Israel: Ramattan soundman held without charge after West Bank raid
|Publisher||Committee to Protect Journalists|
|Publication Date||20 August 2008|
|Cite as||Committee to Protect Journalists, Israel: Ramattan soundman held without charge after West Bank raid, 20 August 2008, available at: http://www.refworld.org/docid/48ae8214c.html [accessed 24 July 2014]|
New York, August 20, 2008 – Israeli authorities should disclose charges against a Palestinian soundman detained since July 15 or release him immediately, the Committee to Protect Journalists said today.
Ibrahim Hamad, a soundman with the Gaza-based Ramattan news agency was arrested during a 4 a.m. raid by Israel Defense Forces at his home in the Kalandia refugee camp, near Ramallah in the West Bank, according to relatives and station staff.
According to Rami Hussein, a cousin and fellow Ramattan journalist, Israeli authorities are holding Hamad in what is known as "administrative detention," under which authorities may keep him in custody for six months without charge. The Israeli embassy in Washington had no immediate comment when contacted by CPJ Tuesday and today.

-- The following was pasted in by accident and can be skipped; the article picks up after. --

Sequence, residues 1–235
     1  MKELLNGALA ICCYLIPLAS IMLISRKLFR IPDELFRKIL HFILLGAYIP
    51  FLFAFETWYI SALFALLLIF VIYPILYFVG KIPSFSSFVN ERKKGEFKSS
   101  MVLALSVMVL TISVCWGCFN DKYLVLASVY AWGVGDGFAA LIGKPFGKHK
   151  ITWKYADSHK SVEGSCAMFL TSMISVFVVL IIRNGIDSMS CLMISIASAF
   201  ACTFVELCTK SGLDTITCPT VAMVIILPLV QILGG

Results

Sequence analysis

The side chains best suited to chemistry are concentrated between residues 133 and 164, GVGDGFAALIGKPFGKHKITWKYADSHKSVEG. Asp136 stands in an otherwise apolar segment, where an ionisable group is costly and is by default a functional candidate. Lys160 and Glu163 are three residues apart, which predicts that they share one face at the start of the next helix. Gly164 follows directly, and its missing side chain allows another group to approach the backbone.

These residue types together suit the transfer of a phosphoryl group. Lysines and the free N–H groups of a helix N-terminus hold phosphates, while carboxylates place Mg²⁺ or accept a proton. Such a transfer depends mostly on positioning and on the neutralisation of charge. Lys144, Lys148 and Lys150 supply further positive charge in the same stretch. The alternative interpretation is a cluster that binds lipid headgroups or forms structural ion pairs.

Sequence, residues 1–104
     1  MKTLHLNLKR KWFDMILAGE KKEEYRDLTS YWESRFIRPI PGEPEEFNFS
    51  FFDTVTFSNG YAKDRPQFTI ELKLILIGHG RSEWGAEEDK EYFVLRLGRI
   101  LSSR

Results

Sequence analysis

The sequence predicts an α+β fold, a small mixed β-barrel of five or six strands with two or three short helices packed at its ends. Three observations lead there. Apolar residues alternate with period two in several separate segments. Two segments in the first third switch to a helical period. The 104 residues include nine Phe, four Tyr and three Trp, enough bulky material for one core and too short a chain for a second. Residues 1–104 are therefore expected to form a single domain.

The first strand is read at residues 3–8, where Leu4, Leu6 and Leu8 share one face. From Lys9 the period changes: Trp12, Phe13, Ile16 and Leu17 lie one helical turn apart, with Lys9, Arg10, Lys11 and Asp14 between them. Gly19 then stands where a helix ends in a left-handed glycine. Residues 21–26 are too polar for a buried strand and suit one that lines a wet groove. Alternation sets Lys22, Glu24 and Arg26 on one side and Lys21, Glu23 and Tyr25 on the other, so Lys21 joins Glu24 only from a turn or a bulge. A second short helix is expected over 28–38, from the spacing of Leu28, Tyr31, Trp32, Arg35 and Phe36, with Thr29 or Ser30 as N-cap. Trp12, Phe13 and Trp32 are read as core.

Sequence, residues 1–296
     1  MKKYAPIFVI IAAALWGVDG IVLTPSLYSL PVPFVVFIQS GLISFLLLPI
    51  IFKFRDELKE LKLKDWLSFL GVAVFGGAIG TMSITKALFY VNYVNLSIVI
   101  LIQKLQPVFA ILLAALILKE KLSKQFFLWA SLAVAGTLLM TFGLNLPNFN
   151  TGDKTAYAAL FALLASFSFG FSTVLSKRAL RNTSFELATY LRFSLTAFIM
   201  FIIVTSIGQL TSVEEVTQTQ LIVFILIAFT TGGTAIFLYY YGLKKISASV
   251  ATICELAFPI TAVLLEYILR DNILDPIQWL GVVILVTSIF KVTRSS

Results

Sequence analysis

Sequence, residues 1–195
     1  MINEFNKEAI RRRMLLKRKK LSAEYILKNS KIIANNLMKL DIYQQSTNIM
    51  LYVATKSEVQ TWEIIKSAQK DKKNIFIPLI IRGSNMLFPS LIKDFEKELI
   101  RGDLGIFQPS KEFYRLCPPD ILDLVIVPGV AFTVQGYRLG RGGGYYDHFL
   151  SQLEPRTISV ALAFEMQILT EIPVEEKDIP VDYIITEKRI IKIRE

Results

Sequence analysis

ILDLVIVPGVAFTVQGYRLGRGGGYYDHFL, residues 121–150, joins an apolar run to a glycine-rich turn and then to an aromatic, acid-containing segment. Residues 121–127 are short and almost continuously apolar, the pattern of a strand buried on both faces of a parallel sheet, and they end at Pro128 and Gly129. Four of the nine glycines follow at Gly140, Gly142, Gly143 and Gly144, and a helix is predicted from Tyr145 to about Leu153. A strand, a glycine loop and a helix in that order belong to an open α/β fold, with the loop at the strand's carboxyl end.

"We're deeply troubled by the detention of Ibrahim Hamad and the secrecy surrounding his arrest," said CPJ Senior Program Coordinator Joel Campagna. "Israeli authorities must state the reason for holding him, charge him with a recognizable offense, or release him at once."
Hazim Badaru, deputy editor-in-chief of Ramattan news agency, said the station had not heard directly from Hamad since the arrest. Hussein said relatives had spoken with him once, about a week after the arrest. Troops punched the soundman during the arrest, but Hamad was otherwise in good condition and had been treated well, Hussein said. Hamad, who had worked for the news agency since 2005, was not known to be politically active, he said.
Relatives were told that Hamad has been transferred to al-Naqab Prison in south Israel.
Journalists in the West Bank and Gaza have suffered abusive treatment at the hands of Israeli forces, according to CPJ research, as published in its annual survey, Attacks on the Press in 2007.